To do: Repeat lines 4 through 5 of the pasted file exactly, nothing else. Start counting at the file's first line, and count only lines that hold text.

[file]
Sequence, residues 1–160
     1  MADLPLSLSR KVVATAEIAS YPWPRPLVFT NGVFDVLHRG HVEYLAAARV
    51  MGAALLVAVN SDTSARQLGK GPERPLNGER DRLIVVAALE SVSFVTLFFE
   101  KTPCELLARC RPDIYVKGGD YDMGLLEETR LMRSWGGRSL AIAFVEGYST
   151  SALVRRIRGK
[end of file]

   101  KTPCELLARC RPDIYVKGGD YDMGLLEETR LMRSWGGRSL AIAFVEGYST
   151  SALVRRIRGK